Lai, M. M. C, P. R. Brayton, R. C. Armen, C. D. Patton, C. Pugh, and S. A. Stohlman. 1981. Mouse hepatitis virus A59: mRNA structure and genetic localization of the sequence divergence from hepatotropic strain MHV-3. J. Virol. 39:823–834.PubMedGoogle Scholar
  15. 15.
    Lai, M. M. C, and S. A. Stohlman. 1978. RNA of mouse hepatitis virus. J. Virol. 26:236–242.PubMedGoogle Scholar
  16. 16.
    Leibowitz, J. L., J. R. DeVries, and M.V. Haspel. 1982. Genetic analysis of murine hepatitis virus strain JHM. J. Virol. 42:1080–1088.PubMedGoogle Scholar
  17. 17.
    Leibowitz, J. L., S. R. Weiss, E. Paavola, and C. W. Bond. 1982. Cell-free translation of murine Coronavirus RNA. J. Virol. 43:905–913.PubMedGoogle Scholar
  18. 18.
    Maizel, J. 1971. Polyacrylamide gel electrophoresis of viral proteins. Methods Virol. 5:176–246.Google Scholar
  19. 19.
    Makino, S., S. A. Stohlman, and M. M. C. Lai. 1986. Leader sequences of murine Coronavirus mRNAs can be freely reassorted: evidence for the role of free leader RNA in transcription. Proc. Natl. Acad. Sci. USA 83:4204–4208.PubMedCrossRefGoogle Scholar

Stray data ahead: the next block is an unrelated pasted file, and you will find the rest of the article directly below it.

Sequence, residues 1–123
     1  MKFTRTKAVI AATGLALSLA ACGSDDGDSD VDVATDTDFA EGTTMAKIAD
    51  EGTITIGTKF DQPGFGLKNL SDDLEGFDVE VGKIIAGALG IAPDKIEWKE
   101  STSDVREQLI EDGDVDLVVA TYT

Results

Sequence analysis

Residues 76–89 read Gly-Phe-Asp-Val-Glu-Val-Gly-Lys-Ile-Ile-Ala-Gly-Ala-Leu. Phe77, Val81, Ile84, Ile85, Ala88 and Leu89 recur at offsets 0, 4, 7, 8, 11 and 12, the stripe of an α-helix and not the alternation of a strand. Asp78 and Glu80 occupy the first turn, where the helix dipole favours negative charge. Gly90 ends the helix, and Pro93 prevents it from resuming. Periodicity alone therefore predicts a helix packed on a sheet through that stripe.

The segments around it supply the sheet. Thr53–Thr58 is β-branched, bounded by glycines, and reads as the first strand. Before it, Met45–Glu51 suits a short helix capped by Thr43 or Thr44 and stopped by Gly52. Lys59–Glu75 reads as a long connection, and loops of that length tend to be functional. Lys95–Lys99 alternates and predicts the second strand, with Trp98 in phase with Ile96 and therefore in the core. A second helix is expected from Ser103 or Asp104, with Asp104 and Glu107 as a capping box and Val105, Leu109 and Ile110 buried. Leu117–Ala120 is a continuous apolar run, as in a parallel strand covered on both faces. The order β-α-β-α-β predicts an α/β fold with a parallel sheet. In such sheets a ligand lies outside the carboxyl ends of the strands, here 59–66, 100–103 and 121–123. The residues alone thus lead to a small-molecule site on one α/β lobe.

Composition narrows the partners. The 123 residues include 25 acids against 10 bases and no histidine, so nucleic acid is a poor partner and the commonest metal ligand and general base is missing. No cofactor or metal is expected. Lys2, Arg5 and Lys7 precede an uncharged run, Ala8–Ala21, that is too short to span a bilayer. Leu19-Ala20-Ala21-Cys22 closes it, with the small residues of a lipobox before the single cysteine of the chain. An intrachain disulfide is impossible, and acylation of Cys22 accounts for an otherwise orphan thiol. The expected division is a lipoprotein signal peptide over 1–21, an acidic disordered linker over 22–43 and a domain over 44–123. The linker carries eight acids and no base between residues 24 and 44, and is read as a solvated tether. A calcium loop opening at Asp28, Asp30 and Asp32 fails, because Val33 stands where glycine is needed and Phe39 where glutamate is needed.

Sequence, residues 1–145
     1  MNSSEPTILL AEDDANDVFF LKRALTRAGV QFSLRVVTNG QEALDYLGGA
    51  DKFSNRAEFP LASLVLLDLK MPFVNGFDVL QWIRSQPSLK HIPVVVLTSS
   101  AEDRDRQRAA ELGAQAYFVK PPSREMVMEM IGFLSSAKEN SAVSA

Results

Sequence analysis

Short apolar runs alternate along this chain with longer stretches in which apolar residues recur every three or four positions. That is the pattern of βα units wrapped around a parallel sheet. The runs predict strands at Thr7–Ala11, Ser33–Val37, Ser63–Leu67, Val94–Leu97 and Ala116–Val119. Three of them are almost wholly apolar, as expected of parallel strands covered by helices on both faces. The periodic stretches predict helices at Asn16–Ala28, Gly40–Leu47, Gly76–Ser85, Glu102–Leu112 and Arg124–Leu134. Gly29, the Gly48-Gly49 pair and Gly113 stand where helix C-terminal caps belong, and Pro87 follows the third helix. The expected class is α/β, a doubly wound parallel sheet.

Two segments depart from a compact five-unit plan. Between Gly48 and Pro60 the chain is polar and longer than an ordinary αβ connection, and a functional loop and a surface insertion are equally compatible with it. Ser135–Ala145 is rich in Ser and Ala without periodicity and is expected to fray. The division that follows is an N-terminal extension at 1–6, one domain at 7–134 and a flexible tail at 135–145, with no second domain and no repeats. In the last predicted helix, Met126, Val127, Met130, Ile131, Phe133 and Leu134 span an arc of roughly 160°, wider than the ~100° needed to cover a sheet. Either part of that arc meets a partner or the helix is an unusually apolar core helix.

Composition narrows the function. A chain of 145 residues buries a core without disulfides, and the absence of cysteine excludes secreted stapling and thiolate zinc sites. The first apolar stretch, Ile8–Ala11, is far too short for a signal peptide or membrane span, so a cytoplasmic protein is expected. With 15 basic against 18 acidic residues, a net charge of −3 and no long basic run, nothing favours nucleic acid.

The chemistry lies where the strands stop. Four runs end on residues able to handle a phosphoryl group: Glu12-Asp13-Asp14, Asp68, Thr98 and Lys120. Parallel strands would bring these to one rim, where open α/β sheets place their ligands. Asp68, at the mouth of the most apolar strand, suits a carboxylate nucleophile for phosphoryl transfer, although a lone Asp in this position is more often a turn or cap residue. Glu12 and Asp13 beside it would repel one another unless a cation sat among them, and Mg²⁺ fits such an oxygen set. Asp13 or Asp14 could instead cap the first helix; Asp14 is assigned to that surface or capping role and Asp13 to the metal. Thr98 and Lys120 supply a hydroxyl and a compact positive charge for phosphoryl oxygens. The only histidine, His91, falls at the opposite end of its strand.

20. 20.
    Semler, B. L., R. J. Kuhn, and E. Wimmer. 1988. Replication of the poliovirus genome. In “RNA Genetics.” (E. Domingo, J J. Holland, and P. Ahlquist, Eds.), Vol. I, pp. 23–48. CRC Press, Inc., Boca Raton, Florida.Google Scholar
  21. 21.
    Shieh, C.-K., L.H. Soe, S. Makino, M.-F. Chang, S. A. Stohlman, and M. M. C. Lai. 1987. The 5’-end sequence of the murine Coronavirus genome: implications for multiple fusion sites in leader-primed transcription. Virology 156:321–330.PubMedCrossRefGoogle Scholar
  22. 22.